‘You Buy the Bonds and the Mulqueens Will Win the War’

A Home Front story from a fellow blogger! The USA was united and worked together!!

The Hanneman Archive

It was just the kind of wartime story that made an emotional impact on Milwaukee and the state of Wisconsin. Three Irish brothers serving in World War II appeared together to promote the sale of war bonds at a series of rallies in November 1944. Two were home on leave from the front and one was about to embark on his first overseas tour of duty.

There they stood on stage, the baby-faced Thomas “Tinker” Mulqueen still in naval training, the serious Marine Cpl. Earl J. Mulqueen Jr., on crutches due to the loss of his left leg above the knee, and the curly-haired redhead, Patrick J. Mulqueen, home from more than 18 months at sea with the U.S. Navy.

The Milwaukee Journal carried a front-page story on the Mulqueen brothers and the war bond drive in November 1944. The Milwaukee Journal carried a front-page story on the Mulqueen brothers and the war bond drive in November 1944.

“Maybe it is because they are Irish, or maybe it is because they look…

View original post 1,616 more words

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About GP Cox

Everett Smith served with the Headquarters Company, 187th Regiment, 11th A/B Division during WWII. This site is in tribute to my father, "Smitty." GPCox is a member of the 11th Airborne Association. Member # 4511 and extremely proud of that fact!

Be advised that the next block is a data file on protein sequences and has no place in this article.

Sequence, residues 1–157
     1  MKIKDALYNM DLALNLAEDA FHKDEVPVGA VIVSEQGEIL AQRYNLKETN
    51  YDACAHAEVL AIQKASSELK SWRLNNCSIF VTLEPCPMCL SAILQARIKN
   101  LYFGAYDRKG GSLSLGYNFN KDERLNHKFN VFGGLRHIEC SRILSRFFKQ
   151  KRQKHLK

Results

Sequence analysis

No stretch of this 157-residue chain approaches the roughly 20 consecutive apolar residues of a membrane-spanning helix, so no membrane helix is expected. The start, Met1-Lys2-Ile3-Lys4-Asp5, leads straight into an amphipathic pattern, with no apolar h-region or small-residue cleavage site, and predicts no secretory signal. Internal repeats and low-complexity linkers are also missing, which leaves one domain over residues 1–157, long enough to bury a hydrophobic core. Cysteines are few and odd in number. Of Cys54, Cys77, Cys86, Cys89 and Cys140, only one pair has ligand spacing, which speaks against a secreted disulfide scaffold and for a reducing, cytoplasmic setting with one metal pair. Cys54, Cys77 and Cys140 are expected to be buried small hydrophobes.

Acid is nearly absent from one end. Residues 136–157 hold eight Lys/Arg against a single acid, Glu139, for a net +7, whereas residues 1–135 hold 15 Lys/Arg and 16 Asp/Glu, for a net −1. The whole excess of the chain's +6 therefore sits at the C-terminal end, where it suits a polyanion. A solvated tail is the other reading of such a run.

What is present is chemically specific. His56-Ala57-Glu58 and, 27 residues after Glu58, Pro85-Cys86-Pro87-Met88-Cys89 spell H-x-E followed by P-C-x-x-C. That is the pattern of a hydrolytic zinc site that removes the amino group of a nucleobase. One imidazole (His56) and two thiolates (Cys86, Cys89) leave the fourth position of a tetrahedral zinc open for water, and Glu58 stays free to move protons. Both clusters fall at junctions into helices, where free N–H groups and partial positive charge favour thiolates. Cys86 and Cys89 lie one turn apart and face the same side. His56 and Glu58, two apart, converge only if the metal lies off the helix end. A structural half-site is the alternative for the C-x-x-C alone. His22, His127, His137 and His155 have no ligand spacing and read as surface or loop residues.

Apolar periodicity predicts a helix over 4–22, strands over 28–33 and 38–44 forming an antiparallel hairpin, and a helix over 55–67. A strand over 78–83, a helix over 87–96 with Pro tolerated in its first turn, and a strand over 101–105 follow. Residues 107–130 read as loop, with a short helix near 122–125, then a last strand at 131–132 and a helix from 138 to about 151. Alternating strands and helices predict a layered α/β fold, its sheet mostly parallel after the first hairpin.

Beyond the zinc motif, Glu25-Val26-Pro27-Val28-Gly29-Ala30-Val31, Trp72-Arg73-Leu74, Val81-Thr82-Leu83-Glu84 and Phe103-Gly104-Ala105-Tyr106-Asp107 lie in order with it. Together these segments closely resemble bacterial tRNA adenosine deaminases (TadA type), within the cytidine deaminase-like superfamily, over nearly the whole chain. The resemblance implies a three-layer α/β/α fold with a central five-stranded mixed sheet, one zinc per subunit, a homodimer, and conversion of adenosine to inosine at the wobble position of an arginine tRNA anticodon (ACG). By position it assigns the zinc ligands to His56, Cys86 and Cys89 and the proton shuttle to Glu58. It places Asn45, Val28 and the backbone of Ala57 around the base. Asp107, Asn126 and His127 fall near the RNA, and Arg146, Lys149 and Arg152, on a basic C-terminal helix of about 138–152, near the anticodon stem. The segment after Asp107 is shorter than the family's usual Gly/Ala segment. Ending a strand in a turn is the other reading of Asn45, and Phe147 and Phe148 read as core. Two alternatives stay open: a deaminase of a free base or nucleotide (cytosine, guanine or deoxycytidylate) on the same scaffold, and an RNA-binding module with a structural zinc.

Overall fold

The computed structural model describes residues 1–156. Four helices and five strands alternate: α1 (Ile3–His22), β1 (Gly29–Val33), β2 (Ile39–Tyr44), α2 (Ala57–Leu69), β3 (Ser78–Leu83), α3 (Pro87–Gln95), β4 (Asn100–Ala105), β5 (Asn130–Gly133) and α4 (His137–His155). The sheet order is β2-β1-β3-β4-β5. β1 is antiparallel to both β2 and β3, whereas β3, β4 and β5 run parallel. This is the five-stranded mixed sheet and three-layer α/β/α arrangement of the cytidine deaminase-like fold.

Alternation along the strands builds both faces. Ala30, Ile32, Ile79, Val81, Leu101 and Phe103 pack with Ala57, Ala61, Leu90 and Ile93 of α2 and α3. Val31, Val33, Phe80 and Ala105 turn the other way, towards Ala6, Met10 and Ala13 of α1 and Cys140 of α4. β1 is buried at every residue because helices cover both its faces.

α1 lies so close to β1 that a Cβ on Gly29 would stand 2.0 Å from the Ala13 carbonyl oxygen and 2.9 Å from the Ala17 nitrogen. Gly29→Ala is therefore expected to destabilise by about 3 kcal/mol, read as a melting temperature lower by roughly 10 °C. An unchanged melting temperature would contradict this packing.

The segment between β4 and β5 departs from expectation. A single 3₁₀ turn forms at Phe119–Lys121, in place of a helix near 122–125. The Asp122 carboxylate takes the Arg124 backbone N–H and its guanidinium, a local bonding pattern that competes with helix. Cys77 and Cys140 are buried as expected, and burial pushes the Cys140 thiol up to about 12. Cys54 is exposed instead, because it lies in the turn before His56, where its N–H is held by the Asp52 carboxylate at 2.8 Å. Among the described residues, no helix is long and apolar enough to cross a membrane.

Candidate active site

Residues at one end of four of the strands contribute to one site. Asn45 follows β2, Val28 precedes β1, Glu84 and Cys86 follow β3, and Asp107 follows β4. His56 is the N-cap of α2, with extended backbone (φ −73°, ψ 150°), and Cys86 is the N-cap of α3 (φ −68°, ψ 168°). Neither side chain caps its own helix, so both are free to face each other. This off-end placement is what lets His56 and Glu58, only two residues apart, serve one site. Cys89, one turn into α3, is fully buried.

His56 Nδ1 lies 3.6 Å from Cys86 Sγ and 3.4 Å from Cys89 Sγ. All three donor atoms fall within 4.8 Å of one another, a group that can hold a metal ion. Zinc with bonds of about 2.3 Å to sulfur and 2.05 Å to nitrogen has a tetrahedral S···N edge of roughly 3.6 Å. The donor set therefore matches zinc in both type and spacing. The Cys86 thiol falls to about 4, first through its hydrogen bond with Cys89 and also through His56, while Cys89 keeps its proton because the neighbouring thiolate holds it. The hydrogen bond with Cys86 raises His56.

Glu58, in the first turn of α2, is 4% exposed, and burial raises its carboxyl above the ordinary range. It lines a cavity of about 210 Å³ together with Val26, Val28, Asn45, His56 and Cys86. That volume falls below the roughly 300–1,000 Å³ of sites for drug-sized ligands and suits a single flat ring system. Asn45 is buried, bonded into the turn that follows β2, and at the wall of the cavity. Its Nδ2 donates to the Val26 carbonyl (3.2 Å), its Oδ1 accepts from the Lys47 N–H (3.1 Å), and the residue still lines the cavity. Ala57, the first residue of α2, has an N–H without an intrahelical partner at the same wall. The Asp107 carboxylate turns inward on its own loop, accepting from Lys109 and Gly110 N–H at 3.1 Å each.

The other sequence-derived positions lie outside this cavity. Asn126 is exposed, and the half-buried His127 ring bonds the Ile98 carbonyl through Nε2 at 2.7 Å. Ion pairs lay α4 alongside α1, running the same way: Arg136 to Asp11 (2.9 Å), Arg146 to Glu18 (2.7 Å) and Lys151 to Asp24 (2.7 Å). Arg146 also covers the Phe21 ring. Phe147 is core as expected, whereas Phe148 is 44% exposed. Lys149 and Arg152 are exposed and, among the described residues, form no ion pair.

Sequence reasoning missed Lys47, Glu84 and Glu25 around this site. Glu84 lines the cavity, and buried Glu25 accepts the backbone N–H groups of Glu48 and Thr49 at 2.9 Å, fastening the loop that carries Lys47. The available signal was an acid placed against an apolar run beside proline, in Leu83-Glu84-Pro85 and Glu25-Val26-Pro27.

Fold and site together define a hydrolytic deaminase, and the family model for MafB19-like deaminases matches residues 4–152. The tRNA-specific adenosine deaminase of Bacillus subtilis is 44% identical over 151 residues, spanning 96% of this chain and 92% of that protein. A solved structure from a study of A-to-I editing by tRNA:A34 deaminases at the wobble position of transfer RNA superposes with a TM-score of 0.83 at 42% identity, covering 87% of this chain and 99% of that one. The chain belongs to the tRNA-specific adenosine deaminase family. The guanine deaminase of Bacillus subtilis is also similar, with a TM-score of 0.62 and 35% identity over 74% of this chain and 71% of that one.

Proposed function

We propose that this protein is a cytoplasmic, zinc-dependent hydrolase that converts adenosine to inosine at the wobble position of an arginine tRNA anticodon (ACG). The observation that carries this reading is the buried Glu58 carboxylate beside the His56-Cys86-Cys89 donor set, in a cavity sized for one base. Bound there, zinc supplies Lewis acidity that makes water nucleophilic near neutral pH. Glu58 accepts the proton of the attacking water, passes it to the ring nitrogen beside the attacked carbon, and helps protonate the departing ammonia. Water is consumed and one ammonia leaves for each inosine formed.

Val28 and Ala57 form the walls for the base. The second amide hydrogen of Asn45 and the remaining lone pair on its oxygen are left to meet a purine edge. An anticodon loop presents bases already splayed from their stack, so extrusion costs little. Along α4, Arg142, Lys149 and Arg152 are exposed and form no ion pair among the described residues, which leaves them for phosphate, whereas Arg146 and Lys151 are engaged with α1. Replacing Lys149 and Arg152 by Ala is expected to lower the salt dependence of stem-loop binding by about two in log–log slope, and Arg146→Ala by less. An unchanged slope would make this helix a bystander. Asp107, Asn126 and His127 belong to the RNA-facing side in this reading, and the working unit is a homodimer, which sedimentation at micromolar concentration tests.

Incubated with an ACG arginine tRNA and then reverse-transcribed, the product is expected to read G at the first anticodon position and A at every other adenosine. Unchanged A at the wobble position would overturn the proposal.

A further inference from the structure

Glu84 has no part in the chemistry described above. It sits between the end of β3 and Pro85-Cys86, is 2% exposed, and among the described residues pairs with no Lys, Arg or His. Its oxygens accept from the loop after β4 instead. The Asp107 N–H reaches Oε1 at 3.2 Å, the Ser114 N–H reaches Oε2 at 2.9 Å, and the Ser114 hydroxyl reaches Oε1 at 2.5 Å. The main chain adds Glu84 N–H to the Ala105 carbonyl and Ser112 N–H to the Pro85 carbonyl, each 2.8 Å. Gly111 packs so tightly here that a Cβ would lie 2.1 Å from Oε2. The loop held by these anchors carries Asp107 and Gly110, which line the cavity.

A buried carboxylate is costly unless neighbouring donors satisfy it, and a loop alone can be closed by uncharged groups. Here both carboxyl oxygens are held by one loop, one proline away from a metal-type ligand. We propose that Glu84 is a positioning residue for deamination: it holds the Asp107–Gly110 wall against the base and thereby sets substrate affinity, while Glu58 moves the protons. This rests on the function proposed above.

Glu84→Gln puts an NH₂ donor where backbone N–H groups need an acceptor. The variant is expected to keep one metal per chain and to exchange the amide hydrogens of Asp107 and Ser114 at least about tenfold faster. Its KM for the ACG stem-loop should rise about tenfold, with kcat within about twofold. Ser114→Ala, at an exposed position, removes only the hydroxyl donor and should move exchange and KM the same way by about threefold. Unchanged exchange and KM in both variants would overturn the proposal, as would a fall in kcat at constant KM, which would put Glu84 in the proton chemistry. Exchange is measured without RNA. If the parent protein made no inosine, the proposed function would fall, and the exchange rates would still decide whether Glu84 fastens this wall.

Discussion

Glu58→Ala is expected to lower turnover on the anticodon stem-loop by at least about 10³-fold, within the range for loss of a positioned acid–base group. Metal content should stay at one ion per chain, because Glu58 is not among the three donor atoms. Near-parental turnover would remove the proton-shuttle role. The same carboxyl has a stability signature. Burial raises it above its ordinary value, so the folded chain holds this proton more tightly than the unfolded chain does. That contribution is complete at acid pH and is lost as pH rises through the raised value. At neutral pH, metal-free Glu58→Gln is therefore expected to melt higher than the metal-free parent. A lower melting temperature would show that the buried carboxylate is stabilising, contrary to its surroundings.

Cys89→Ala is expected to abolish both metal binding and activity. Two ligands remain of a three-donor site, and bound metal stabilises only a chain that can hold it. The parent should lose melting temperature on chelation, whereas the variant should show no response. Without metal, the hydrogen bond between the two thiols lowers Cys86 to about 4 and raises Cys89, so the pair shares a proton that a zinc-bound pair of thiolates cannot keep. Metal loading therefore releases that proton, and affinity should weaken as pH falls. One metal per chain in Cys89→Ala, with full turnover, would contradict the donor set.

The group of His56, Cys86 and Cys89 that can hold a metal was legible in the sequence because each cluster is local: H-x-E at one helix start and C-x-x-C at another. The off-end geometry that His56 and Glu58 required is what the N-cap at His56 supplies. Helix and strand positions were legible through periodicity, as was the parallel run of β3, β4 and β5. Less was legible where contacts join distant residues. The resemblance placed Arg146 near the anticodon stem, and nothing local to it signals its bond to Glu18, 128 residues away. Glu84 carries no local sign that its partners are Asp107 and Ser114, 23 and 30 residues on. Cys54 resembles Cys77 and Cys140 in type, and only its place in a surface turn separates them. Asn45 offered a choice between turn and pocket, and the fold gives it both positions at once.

Posted on October 7, 2017, in Home Front, Uncategorized, WWII and tagged , , , , , , . Bookmark the permalink. 46 Comments.

  1. Some great research by Joe on this story!

    Liked by 1 person

  2. For some strange reason my life has gravitated around the military yet I have never served, not that I didn’t try.

    My dad served in the Air Force during the Korean Conflict (note that it was not a declared war so they don’t call it the Korean War), and his youngest brother served in the Army during the Vietnam War.

    I went to college at Texas A&M University. Their Corps of Cadets places more officers into the services than all but the five military academies.

    After graduation, I lived 90 miles away, in Houston, for 5 years before moving back to College Station for the next ten years.

    I tried to enlist in the Corps but I went to college on benefits from my father’s death, those benefits being Air Force (government), Railroad Retirement Board (government), and Social Security (government). At the time the Corps paid $100 a month to Corps members, payment coming from the government. The government informed me that I could not have all four benefit packages. Well, the other three paid $763 a month total. So $763 a month vs. $100 a month. Which would YOU choose as an 18-year-old college freshman? LOL

    Since April 1993 I have lived in San Diego. According to the Pentagon, San Diego County now has the largest conglomeration of military, both active duty and retired, than any other area of the country, including Arlington VA, previous #1 and home to the Pentagon.

    Liked by 1 person

    • I have read quite a bit about San Diego, especially because of the military, but it is a very interesting city in its own right too. My son took his MOS for the USMC there too. Thank you for telling us your story.

      Like

  3. I know that in the US the Irish are appreciated, unfortunately I do not share in this view. During WWII the Irish Republic though a neutral country allowed German/Nazi spies to operate from their shores.

    These spies were able to report back to Berlin, and indirectly to Admiral Donitz, who was able to set his ‘wolf packs’ on British convoys leaving for the US.

    Many many ships and lives were lost through this betrayal by the Irish.